Ultimate Fighting Championship (UFC) Lightweight finishers Tony Ferguson and Charles Oliveira will go to war this weekend (Sat., Dec. 12, 2020) at UFC 256 inside UFC APEX in Las Vegas, Nevada.
What’s the next step for “El Cucuy?” His historic win streak came to a vicious close, and though he captured the interim title, the undisputed crown eluded him. At 36 years old, Ferguson is attempting to rebuild in one of the toughest divisions in the sport with an unclear title picture ahead of him. Oliveira is no easy task, either. The Brazilian is no longer the semi-fragile youngster who still dominated some tough opponents. He’s battle-hardened and hitting his prime, in the midst of his own massive win streak and would-be title run.
Let’s take a closer look at the keys to victory for each man:
Key Wins: Kevin Lee (UFC 216), Rafael dos Anjos (UFC Fight Night 98), Anthony Pettis (UFC 229), Edson Barboza (TUF 22 Finale), Josh Thomson (UFC Fight Night 71), Donald Cerrone (UFC 238)
Key Losses: Justin Gaethje (UFC 249), Michael Johnson (UFC on FOX 3)
Keys to Victory: For any number of reasons, there may never be another quite like Tony Ferguson. He’s a wonderfully strange mix of aggressive, pressure kickboxing and unorthodox submissions, but perhaps more important, Ferguson excels at breaking his opponents via damage.
Oliveira is tougher and better than he used to be by a large margin, but still, this is a fighter with a history of crumbling in fights against a man who commonly forces opponents to do just that. From a big picture standpoint, the gameplan is obvious: overwhelm Oliveira.
It’s time for Ferguson to really return to two weapons that were seldom present in his last bout. “El Cucuy” has one of the nastiest snap kicks in the business, a gut-buster that fatigues foes quickly. Oliveira has never liked body shots and wants the takedown — time to throw that kick repeatedly.
In addition, Ferguson’s elbows should be effective. Oliveira advances confidently behind his power punches, which could prove an opportunity for Ferguson to hand trap and elbow.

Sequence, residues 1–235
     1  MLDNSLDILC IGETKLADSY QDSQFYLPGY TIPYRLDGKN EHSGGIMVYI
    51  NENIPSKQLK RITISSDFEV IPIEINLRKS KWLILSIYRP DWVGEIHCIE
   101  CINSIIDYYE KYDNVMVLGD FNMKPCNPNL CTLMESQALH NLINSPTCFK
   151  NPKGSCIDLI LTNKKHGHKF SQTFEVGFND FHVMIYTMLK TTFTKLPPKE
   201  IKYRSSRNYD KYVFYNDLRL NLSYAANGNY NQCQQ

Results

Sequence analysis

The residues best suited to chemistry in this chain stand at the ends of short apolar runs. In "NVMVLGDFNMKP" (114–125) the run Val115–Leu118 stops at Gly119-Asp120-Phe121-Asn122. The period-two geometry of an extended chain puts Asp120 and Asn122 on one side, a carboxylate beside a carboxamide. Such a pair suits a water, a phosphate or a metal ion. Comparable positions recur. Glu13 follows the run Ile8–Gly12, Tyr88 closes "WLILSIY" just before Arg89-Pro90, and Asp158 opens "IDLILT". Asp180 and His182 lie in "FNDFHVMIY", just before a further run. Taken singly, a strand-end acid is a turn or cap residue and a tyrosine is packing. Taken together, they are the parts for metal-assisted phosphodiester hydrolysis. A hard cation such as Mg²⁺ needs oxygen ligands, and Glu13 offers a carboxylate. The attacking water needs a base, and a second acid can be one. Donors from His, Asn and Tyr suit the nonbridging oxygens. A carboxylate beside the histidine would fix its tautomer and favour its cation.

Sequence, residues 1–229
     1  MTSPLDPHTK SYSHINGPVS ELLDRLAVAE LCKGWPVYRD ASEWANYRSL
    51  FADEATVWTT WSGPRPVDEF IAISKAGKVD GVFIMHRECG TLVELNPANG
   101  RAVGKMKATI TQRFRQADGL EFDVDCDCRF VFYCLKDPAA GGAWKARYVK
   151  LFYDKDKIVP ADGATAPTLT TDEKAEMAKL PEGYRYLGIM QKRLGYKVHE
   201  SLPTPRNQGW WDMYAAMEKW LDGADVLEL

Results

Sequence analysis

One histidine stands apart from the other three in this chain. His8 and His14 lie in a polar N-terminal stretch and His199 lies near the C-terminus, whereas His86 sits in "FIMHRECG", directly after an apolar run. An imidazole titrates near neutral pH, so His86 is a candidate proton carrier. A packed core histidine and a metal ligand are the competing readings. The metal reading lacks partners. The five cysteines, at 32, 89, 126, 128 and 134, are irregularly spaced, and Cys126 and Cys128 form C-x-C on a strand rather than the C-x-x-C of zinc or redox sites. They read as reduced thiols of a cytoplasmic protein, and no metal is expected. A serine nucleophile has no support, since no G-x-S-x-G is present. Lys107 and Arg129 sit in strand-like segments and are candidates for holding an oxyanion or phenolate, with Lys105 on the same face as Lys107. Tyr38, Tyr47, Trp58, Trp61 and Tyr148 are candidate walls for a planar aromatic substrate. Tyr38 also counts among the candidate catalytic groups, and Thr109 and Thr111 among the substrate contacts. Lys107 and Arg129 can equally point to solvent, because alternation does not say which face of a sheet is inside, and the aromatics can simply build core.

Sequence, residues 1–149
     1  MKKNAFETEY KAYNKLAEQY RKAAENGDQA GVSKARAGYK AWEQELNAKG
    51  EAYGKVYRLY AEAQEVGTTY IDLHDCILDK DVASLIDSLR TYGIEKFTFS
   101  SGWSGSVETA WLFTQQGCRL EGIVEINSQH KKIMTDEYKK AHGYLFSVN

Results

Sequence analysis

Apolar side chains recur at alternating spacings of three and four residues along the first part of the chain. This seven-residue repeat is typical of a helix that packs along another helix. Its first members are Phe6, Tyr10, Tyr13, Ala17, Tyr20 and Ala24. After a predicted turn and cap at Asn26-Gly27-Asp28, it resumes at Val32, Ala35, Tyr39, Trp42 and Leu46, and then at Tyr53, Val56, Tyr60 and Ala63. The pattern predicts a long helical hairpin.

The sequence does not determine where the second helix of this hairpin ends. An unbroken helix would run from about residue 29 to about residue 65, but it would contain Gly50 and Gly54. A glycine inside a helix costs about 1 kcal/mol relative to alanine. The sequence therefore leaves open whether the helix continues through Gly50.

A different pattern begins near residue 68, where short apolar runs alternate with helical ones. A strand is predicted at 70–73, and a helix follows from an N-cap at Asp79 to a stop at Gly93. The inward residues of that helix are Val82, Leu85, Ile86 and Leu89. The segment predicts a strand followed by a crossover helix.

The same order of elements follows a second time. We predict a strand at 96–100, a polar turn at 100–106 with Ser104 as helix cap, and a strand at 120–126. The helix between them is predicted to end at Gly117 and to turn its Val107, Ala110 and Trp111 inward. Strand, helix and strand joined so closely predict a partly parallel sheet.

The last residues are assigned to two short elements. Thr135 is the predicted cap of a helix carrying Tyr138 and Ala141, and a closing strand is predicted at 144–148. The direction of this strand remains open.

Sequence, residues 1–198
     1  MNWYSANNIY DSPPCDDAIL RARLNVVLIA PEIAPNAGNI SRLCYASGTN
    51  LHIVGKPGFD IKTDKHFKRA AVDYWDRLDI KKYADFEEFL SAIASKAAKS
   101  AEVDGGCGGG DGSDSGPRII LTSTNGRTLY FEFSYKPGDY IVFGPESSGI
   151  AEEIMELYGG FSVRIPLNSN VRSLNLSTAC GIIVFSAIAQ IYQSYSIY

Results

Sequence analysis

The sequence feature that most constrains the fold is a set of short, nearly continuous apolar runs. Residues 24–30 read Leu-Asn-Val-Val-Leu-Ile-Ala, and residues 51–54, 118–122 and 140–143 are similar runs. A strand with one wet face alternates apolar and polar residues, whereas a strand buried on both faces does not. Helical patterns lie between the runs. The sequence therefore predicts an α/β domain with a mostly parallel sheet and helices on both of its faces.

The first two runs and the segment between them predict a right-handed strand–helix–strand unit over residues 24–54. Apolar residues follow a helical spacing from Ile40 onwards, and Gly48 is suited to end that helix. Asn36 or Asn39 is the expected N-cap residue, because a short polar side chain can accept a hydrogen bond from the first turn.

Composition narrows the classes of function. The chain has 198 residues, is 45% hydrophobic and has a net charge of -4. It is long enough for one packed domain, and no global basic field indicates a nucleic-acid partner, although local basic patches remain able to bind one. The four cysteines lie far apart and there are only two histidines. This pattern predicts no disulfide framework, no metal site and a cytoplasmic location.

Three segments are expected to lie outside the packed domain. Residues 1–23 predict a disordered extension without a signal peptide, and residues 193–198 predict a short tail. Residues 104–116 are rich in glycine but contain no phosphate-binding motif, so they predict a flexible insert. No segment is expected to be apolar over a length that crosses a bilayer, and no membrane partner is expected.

Finally, as this is a three-round fight, there should be some concern regarding Oliveira’s takedowns. Ferguson cannot afford to spend too much time on his back, not with a skilled black belt. He has to make it a point to deny takedowns, rather than willingly scramble and play jiu-jitsu.
Record: 29-8 (1)
Key Wins: Kevin Lee (UFC Fight Night 170), David Teymur (UFC Fight Night 144), Nik Lentz (UFC Fight Night 152, UFC Fight Night 67), Jeremy Stephens (TUF 20 Finale), Myles Jury (UFC on FOX 17), Hatsu Hioki (UFC Fight Night 43), Will Brooks (UFC 210)
Key Losses: Paul Felder (UFC 218), Anthony Pettis (UFC on FOX 21), Frankie Edgar (UFC 162), Cub Swanson (UFC 152), Ricardo Lamas (UFC Fight Night 98)
Keys to Victory: Oliveira is an offensive force. He’s developed his Muay Thai quite a bit in the last few years, adding crushing low kicks, heavy hooks, and sneaky elbows and knees to his arsenal. Oh, and this is the grappler who holds the UFC record for submission wins!
Like Ferguson, Oliveira (recently) likes to apply pressure and break foes down. In this match, however, more strategizing than usual may be necessary. As the Gaethje bout showed, Ferguson may be hittable, but the man is made of iron, so caution is still necessary.
Oliveira would be wise to replicate Gaethje’s counter punching strategy, though with his own Muay Thai flair. Move laterally and force Ferguson to come to him, at which point it should be easier to land power shots. Low kicks should be a focus as well, as Ferguson can be flat-footed while advancing.
In addition, Oliveira absolutely should wrestle in this fight. He’s a strong takedown artist from both the clinch and waist, skilled enough to put Ferguson on his back. Even if he’s unable to dominate from there, top control could be the deciding factor.
This should be amazing.
Back when Ferguson and Khabib Nurmagomedov seemed destined to collide, I was a believer in Ferguson’s chances of dethroning the great “Eagle.” Even given my fandom and belief in his skill set, it’s hard to enter this fight confidently after the Gaethje mauling. Plenty of fight fans have already completely written off Ferguson, which is a great example of how MMA is a “what have you done for me lately” sport.
Fair or not, Ferguson has something to prove in this bout. A win puts him right back in the title mix, while a loss likely ends those aspirations. It’s all on the line!
As for Oliveira, this is undoubtedly a huge opportunity, a chance to finally live up to his tremendous potential. That’s not to say Oliveira has performed poorly in UFC previously — far from it — but he’s the type of prospect many expected to emerge as champion. Instead, he’s run into several obstacles over the years, which ultimately has helped him develop further.
Oliveira is riding the best win streak of his career heading into his toughest challenge yet. This could be the moment he officially breaks into the title mix and secures his shot.
Remember that MMAmania.com will deliver LIVE round-by-round, blow-by-blow coverage of the entire UFC 256 fight card right here, starting with the early ESPN+ “Prelims” matches online, which are scheduled to begin at 7 p.m. ET, then the remaining undercard balance on ESPN 2/ESPN+ at 8 p.m. ET, before the PPV main card start time at 10 p.m. ET on ESPN+ PPV.
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At UFC 256, Tony Ferguson and Charles Oliveira will collide in a Lightweight war with legendary potential. Which man will earn the victory?